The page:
April 15, 2022 | 4-minute read (627 words)
According to Ernst & Young research, Generation Z (born between the mid-1990s and the mid-2000s) is "more aware, self-reliant, pragmatic and driven. They are savvy and demanding customers with tastes and preferences unlike those of any other generation." By 2024, they will account for about a quarter of the global workforce.
Gen Z grew up in a world dominated by social media and mobile phones. They are the first to grow up in a world where they can connect with people right away and learn about everything.
During this generation's time, the economy was tough, the Great Recession hit hard and schools were often exposed to lockdowns. As a result, they have grown far more diligent and pragmatic than their predecessors.
Gen Z has a unique perspective on professions and what it means to be successful in the workplace and life. They are the first generation who have never lived in a world without the internet, and they have no idea what life would be like without it. They'll bring their technical knowledge and technological aspirations to the office. This causes business owners and managers to ponder how to engage this generation while also increasing employee lifetime value.
How can you understand, motivate and lead Gen Zers for the good of your business? Keep reading to find out. To grow and flourish as a leader, focus on the four areas listed below.
1. Inclusion – According to a Pew Research Center report, Gen Z is America's most racially and ethnically diverse generation, and it is on track to become the best-educated generation yet. As a result, businesses must create an environment where everyone feels like they belong. This necessitates a move away from diversity, equity and inclusion as simply fulfilling a legal necessity. Instead, DE&I necessitates an emphasis on building a company attitude that recognizes and respects each employee's uniqueness.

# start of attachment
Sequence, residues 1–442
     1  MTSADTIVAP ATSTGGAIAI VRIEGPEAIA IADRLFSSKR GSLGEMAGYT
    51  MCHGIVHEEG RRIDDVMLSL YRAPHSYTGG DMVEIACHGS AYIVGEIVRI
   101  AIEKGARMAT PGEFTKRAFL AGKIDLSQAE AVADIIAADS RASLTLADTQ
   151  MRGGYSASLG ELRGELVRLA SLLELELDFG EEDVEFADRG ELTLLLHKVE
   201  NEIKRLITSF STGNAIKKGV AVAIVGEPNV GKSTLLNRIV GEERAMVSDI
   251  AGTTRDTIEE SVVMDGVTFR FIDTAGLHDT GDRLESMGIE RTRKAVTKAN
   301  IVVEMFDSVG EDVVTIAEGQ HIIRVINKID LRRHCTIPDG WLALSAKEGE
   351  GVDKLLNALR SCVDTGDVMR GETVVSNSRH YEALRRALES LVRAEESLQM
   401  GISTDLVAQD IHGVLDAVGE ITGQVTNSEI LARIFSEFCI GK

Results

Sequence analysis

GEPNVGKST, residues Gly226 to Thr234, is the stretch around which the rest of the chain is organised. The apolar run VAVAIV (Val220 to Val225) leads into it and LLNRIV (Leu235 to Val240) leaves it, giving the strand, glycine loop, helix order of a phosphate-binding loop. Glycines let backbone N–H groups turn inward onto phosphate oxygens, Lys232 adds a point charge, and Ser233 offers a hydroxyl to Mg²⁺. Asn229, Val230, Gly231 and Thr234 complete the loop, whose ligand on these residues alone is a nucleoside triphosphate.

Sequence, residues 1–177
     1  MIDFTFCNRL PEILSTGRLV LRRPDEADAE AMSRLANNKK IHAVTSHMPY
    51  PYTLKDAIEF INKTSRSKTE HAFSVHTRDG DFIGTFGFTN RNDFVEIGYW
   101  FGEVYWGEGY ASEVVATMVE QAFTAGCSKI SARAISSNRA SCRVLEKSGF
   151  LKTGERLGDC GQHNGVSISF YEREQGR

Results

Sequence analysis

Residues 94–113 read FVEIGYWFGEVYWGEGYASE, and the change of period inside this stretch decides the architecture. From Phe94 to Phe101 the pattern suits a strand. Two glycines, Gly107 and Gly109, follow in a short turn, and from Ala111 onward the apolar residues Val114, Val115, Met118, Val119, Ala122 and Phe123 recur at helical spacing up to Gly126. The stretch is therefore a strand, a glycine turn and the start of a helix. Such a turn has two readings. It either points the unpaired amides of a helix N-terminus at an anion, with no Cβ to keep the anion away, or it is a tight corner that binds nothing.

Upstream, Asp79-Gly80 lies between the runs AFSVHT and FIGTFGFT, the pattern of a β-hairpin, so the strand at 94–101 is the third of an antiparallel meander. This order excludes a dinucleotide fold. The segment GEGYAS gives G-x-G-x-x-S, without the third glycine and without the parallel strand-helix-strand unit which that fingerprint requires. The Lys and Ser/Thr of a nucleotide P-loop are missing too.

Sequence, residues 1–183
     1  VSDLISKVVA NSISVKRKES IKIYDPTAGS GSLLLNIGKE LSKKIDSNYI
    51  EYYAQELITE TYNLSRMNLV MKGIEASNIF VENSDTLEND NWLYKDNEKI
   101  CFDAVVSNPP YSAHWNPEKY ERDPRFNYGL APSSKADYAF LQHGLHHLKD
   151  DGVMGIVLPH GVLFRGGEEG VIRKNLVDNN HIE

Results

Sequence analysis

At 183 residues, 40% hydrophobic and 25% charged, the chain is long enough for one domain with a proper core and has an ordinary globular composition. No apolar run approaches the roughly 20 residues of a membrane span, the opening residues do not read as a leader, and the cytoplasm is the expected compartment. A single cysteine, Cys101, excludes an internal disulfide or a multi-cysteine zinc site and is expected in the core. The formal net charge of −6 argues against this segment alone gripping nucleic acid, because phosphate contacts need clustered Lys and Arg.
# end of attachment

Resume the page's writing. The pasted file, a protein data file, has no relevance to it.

Respect is vital to inclusion. Therefore, you must be aware of how to speak respectfully with employees from all backgrounds and opinions.
2. Communication – Being an effective communicator necessitates a thorough understanding of your target audience. When engaging with Gen Zers, you may need to employ language and approaches that are more familiar to them.
Despite their digital roots, Gen Zers "recognize the promise of technology to improve work experiences, prefer face-to-face interactions with managers and are not only eager to learn from other generations, but also believe they can help older generations be more open-minded," according to research from ServiceNow.
Regular, organized communication and continuous feedback are also crucial to this generation. According to studies, 66% of Gen Zers want input from their bosses every few weeks or more to continue at their current work. As a result, it would be ideal if you were confident and at ease offering regular feedback and career assistance and having difficult talks when necessary.
3. Career discussions – Gen Zers have an intrinsic desire to learn and improve, and they are keenly interested in career progression. As a result, you must have good career discussions with Gen Zers and offer them the necessary measures to advance inside the business.
One approach entails collaborating with these members of your workforce to develop a complete growth plan with training in critical leadership and managerial skills. Because Gen Z workers may lack the necessary soft skills and experience for successful leadership, you should include such training in their growth plan.
Mentoring and coaching can also play an essential part in their growth. Because Gen Zers seek regular feedback, you must demonstrate your commitment to providing it.
4. Recruiting – When it comes to hiring Gen Zers, instead of using your usual principles to identify the proper individuals, build tools, questions and activities that assess cultural fit to eliminate any prejudices or personal preferences.